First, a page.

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10:19 AM, October 4, 2019
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Russia Helping China Build Ballistic Missile Warning System
Russia’s Don-2-N early-warning radar stationed near Moscow for protection against ballistic missile strikes (image via RT)

Moscow is aiding China build a system that comprises a network of ground-based radars and satellite arrays in earth’s orbit to detect ballistic missile launches, calculate trajectories of the projectiles and kick-start an apt response.

"I don’t think I’ll open a huge secret here. We’re now helping our Chinese partners to create a missile-attack warning system,” Vladimir Putin, President of Russia said at an international affairs conference in Moscow on Thursday.

When a ballistic missile is launched, multiple early warning radars, space surveillance networks and satellites sense it and calculate probable missile path. This data is then transmitted to a command center where a decision on how to respond to the attack would be made.

“It’s a very serious thing that will drastically increase the defensive capabilities of China,” the president added.  

Russia Helping China Build Ballistic Missile Warning System
China unveiled JL-2 SLBM for the first time during National Day parade on October 1, 2019 in Beijing (image: Global Times)

Once developed, China will become the third country in the world after the United States and Russia to possess a missile warning system.

America had developed its own system during the Cold War era to ward off any Soviet Intercontinental Ballistic Missile (ICBM) nuclear strike and provide its military with sufficient reaction time.  The shortest route for a Soviet ICBM attack on North America is across the North Pole, so the facilities were built in Alaska and in Greenland.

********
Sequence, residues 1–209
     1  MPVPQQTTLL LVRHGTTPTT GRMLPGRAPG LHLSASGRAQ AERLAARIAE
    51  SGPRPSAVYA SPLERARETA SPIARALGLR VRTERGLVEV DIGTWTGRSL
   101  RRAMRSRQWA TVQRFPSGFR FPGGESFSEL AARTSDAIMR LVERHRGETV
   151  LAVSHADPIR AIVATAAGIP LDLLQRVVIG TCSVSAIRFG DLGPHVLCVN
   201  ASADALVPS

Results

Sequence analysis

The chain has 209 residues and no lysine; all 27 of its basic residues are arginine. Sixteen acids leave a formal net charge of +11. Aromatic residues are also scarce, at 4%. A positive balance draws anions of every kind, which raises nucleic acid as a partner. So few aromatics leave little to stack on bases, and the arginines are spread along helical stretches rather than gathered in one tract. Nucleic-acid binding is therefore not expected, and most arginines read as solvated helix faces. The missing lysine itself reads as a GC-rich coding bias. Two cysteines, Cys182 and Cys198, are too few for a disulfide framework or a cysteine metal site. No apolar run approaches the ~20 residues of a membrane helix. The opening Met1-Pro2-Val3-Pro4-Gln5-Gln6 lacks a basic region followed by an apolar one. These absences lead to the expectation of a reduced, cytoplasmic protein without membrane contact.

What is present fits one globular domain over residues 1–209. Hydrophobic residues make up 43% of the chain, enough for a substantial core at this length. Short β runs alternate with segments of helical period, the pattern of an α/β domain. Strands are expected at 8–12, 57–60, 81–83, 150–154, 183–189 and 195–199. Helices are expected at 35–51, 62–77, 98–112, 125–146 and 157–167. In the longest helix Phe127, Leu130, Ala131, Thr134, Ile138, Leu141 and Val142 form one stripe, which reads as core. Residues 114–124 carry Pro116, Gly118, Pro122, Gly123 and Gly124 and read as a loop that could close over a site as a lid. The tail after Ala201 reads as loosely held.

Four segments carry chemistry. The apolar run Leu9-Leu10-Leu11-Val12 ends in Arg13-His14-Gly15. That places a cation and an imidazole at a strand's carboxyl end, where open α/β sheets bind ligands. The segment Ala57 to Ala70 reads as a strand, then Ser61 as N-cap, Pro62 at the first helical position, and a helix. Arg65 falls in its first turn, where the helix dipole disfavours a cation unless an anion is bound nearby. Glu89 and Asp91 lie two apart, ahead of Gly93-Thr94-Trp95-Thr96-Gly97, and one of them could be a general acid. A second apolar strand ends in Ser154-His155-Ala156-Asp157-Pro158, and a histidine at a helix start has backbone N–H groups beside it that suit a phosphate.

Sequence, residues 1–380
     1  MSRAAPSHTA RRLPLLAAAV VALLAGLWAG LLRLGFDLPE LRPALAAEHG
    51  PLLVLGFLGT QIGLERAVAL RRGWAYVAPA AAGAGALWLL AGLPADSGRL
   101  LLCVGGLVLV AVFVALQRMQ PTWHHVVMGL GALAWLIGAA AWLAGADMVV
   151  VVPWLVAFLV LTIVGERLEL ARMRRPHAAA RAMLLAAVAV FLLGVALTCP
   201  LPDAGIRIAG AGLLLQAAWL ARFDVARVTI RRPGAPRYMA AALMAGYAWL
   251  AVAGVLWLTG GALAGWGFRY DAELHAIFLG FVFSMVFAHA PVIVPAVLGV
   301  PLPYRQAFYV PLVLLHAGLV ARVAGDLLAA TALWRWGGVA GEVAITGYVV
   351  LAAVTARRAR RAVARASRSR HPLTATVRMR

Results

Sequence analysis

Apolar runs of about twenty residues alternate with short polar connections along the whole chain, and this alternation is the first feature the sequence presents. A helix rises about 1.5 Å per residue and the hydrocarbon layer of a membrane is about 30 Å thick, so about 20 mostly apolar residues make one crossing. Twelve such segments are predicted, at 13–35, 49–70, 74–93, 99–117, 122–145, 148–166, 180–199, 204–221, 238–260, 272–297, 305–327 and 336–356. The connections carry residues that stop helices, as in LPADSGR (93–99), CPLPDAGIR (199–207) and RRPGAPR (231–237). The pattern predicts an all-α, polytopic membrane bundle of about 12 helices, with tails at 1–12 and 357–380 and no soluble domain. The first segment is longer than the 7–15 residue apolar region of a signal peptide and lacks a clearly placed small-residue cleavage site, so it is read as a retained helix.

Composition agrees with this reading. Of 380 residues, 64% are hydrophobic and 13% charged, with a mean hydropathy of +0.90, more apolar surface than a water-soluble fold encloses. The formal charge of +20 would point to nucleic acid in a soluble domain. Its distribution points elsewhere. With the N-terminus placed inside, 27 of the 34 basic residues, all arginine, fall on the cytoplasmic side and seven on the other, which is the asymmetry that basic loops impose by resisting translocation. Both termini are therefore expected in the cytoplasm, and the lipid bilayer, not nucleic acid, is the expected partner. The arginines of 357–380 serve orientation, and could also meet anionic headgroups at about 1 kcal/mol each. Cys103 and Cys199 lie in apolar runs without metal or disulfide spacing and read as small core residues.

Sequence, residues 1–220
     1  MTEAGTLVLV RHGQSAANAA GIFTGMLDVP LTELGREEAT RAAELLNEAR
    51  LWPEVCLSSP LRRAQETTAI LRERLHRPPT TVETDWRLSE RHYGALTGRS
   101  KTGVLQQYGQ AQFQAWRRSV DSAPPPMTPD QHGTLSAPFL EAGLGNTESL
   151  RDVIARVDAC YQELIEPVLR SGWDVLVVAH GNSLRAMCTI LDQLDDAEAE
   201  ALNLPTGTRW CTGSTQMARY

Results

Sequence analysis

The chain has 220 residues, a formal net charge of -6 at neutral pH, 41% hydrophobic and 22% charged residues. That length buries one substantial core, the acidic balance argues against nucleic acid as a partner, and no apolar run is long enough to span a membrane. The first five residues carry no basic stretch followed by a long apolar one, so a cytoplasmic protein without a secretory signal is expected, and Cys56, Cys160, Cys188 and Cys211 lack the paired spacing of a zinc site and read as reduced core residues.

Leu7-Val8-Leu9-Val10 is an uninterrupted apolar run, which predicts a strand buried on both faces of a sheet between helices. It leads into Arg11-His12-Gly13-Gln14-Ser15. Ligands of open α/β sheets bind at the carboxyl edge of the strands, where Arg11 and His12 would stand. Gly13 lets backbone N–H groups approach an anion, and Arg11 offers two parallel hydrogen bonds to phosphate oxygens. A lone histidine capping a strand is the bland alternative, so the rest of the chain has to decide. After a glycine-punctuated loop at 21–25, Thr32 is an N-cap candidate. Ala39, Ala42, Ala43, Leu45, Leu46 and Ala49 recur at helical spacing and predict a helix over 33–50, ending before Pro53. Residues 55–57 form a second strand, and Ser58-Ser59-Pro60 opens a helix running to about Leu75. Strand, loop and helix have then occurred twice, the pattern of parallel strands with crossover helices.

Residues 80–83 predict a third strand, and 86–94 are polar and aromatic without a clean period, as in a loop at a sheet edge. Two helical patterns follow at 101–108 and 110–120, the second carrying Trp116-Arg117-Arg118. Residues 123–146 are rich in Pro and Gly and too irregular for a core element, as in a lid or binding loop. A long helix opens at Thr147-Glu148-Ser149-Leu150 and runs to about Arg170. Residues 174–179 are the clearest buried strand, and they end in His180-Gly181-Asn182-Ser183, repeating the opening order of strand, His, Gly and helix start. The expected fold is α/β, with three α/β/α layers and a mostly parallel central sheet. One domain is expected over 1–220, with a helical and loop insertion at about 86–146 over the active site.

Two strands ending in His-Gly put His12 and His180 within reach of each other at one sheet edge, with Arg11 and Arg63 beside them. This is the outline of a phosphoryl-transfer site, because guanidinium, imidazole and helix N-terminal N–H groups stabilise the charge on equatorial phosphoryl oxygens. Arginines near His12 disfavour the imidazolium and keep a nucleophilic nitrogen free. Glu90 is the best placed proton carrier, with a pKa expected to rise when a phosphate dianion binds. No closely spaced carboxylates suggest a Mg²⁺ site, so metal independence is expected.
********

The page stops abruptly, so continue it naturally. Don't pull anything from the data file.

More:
According to reports, Russia is working on a new Sarmat ICBM which leverages Fractional Orbital Bombardment concepts (using space to deliver nuclear weapons by first launching them to low earth orbit) to use a Southern polar approach instead of flying over the Northern polar regions. Using this approach, it is theorized, avoids the US radars and missile defense batteries in California and Alaska.

After the collapse of Intermediate-range Nuclear Forces (INF) Treaty recently, Russian President stated it should develop means to protect itself from “hypersonic weapons” of the “world’s leading countries.”

It is interesting to note that both Russia and China have accelerated development of ICBMs in the recent times. This set of missiles are differentiated by having greater range and speed than other ballistic missiles.

On October 1, Beijing showcased its new JL-2 nuclear-capable submarine-launched ballistic missile (SLBM), DF-41, a road-mobile ICBM and the DF-17, which is a short-range ballistic missile with a hypersonic glide vehicle. China has reportedly begun development of third generation SLBM, the JL-3, which is based on the DF-41.

In May of this year, the Pentagon in its annual report to Congress “confirmed” China’s development of two new air-launched ballistic missiles. One weapon, identified as the CH-AS-X, was first tested in December 2016.

The Asian nation also tested its anti-ship ballistic missiles in the South China Sea this June.

Russia is targeting the launch of nine ICBMs between 2019-2021 which includes two Sarmat missiles, three Yars ICBM launches and four Topol ICBM launches, Pravda reported, citing Russian Defense Ministry.

In this year alone, Russia has test-fired Sineva, Bulava and Topol-M ICBMs, the most recent testof the Topol having taken place on October 2. Moscow is currently developing RS-26 Rubezh and Satan-2 (RS-28 Sarmat) ICBMs. It is set to deploy Avangard ICBM in this year or in 2020.

 

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